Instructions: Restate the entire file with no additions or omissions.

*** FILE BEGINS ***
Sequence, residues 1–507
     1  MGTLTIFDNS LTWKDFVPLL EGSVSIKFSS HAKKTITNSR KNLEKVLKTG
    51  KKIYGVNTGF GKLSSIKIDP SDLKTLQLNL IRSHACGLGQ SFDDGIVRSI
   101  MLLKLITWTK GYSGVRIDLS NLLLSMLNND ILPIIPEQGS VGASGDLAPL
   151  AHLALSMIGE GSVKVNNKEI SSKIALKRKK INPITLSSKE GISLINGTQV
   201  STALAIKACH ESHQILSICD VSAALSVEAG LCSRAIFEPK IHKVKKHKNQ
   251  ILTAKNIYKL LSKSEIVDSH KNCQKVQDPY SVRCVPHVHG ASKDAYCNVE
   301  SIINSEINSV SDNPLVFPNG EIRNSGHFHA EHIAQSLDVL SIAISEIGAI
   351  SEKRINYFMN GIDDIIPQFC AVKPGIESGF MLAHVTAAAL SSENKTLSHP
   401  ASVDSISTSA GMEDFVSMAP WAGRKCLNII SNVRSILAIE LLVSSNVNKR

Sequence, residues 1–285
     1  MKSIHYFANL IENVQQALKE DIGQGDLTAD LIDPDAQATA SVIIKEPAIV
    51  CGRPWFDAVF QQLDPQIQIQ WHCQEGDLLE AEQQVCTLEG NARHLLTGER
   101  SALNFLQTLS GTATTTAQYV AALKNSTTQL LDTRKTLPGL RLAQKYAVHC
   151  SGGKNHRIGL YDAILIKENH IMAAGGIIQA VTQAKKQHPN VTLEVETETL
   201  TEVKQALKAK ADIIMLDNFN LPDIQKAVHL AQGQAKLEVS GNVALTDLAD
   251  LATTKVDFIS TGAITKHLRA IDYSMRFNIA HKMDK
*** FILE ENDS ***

Sequence, residues 1–507
     1  MGTLTIFDNS LTWKDFVPLL EGSVSIKFSS HAKKTITNSR KNLEKVLKTG
    51  KKIYGVNTGF GKLSSIKIDP SDLKTLQLNL IRSHACGLGQ SFDDGIVRSI
   101  MLLKLITWTK GYSGVRIDLS NLLLSMLNND ILPIIPEQGS VGASGDLAPL
   151  AHLALSMIGE GSVKVNNKEI SSKIALKRKK INPITLSSKE GISLINGTQV
   201  STALAIKACH ESHQILSICD VSAALSVEAG LCSRAIFEPK IHKVKKHKNQ
   251  ILTAKNIYKL LSKSEIVDSH KNCQKVQDPY SVRCVPHVHG ASKDAYCNVE
   301  SIINSEINSV SDNPLVFPNG EIRNSGHFHA EHIAQSLDVL SIAISEIGAI
   351  SEKRINYFMN GIDDIIPQFC AVKPGIESGF MLAHVTAAAL SSENKTLSHP
   401  ASVDSISTSA GMEDFVSMAP WAGRKCLNII SNVRSILAIE LLVSSNVNKR

Sequence, residues 1–285
     1  MKSIHYFANL IENVQQALKE DIGQGDLTAD LIDPDAQATA SVIIKEPAIV
    51  CGRPWFDAVF QQLDPQIQIQ WHCQEGDLLE AEQQVCTLEG NARHLLTGER
   101  SALNFLQTLS GTATTTAQYV AALKNSTTQL LDTRKTLPGL RLAQKYAVHC
   151  SGGKNHRIGL YDAILIKENH IMAAGGIIQA VTQAKKQHPN VTLEVETETL
   201  TEVKQALKAK ADIIMLDNFN LPDIQKAVHL AQGQAKLEVS GNVALTDLAD
   251  LATTKVDFIS TGAITKHLRA IDYSMRFNIA HKMDK